This post is the third in a series of outcomes from my MA in Education work. It’s a brief discussion – and I welcome all thoughts & ideas from it! It’s highly tentative, and comes with disclaimers and context as described.
Having shown some analysis of how teaching and learning cultures are created, and explored some of the different structural components, this section of analysis now turns to focus on the relative attitudes to the use of educational research.
Reflecting on the research questions, some of this analysis will be further broken down by intrinsic and extrinsic variables: focusing on the self-described Ofsted/ISI judgement, the perception of school’s exam results, and the self-described teaching & learning culture of the school. While all of these are potential insights into the motivations and processes, there is the caveat that they are all self-described, and without triangulation, the significance and veracity of these results are potentially limited to inferences only.
First, respondents were asked their relative opinions on different statements about the nature of educational research, and able to offer choices within a Likert scale. A summary is shown here. The highest positive responses are associated with intrinsic judgements of self: I am confident in using research; I enjoy engagement with education research, I would like to do more, and it makes me a better teacher, which are the top four positive responses overall. The context of the study – self-selected via networks – is very likely to cause a skew towards this kind of teacher in the first instance; but it is also likely that a modified version of halo effect (presenting oneself in the best light) is part of the explanation of this particularly high intrinsic response. This is, perhaps, in direct contrast to the experience and training of participants; most of whom have not had post-graduate contact with research approaches outside of their subject (only 11.25% have postgraduate qualifications in education research), show a considerable range of confidences in their research training, and the majority of whom will have trained via a PGCE route way. Further statements (e.g. we use research a lot) may indicate the role of SLE/ELE in schools as the mediator of this research in to teaching practice.
In terms of the purpose of research, the highest response is the extrinsic motivator of student results, with a dominant positive outcome, and small deviation. Whilst workload generates some positive responses, it also has perhaps the highest spread of outcomes, with a significant disagreement and neutrality compared to other factors.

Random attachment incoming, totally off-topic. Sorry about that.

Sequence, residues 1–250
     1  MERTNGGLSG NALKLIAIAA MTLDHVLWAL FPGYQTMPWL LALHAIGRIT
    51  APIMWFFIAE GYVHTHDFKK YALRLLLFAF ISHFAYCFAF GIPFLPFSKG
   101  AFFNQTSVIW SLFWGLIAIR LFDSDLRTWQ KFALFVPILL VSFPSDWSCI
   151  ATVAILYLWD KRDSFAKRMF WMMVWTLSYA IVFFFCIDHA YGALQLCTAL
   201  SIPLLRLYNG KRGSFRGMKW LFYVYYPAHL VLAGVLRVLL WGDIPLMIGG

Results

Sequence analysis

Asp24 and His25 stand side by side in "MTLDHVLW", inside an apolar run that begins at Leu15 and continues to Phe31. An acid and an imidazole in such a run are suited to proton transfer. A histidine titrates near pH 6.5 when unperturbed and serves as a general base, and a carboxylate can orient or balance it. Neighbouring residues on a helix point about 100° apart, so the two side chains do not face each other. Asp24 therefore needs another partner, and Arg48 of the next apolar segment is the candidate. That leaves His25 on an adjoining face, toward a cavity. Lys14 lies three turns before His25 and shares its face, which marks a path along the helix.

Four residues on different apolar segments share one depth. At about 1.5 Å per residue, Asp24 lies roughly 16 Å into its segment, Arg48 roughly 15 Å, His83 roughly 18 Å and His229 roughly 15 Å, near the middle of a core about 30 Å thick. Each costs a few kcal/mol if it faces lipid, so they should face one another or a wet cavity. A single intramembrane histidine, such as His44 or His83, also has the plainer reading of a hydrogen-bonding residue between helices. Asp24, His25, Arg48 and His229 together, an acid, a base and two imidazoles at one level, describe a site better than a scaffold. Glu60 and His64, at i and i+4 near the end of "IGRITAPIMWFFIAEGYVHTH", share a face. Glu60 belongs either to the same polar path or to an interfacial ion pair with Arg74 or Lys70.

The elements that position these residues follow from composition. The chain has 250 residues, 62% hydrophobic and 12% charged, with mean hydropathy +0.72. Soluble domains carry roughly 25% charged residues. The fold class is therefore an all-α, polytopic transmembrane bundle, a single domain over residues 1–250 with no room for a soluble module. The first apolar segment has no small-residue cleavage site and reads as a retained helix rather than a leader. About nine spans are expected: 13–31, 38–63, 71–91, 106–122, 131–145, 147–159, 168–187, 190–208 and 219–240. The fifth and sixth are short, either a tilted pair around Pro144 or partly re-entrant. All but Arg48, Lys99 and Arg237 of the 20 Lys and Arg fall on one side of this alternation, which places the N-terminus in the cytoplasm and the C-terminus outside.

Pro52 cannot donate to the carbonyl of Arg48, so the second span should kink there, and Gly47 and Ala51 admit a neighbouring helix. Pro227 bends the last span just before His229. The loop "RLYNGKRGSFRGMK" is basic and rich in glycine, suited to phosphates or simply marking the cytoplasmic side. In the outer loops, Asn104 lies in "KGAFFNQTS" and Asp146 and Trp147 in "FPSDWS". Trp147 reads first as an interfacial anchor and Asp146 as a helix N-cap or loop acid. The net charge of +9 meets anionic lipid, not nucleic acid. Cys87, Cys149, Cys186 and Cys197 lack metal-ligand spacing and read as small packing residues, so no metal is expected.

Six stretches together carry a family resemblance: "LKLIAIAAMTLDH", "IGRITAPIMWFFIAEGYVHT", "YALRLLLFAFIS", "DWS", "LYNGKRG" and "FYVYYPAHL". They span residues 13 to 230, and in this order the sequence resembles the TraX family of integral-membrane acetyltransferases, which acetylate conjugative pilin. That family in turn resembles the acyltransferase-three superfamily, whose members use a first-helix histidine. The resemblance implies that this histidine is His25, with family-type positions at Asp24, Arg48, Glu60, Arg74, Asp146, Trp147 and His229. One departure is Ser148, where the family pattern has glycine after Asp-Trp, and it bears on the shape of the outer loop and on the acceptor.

By contrast, the relative importance of various components in the construction of teaching and learning culture are specifically interrogated. The dominant response is to get better results for students (extrinsic), with high positive response, and almost no neutral/negative. The next responses are the interests of Senior Leaders, closely followed by the use of educational research, the experience levels and interests of staff (intrinsic), and the need to satisfy external inspectors (extrinsic). Other external motivators (e.g. parents and governors) show little positive response, but a relatively clustered distribution, while the greatest range of response appears to be over the complex issue of workload (intrinsic).
On reflection, I think the “interest of Senior Leaders” is awkwardly worded: and could well encompass their motivation/drive to create a culture, as well as their personal preferences on the other hand. These have clearly different connotations, but cannot now be easily disentangled from the data that is presented here. Given the high importance of “school culture” in the drivers of positive engagement, it seems likely that at least some respondents have answered this question in this way, too.
Having given an initial indicator of the relative importance of education research by comparison to other factors, it seems to be engaging with a range of cultural contexts. It’s interesting to explore how research is used differently in different types of school, by either intrinsic motivation factors (e.g. the culture of the school, intent to develop staff or retain staff through workload management) or extrinsic motivation factors (results, external judgement by inspectors, responses to stakeholder perceptions).
In the next section of analysis, I explore some of these questions broken down by category of motivation, to investigate the extent to which we can see this in the data.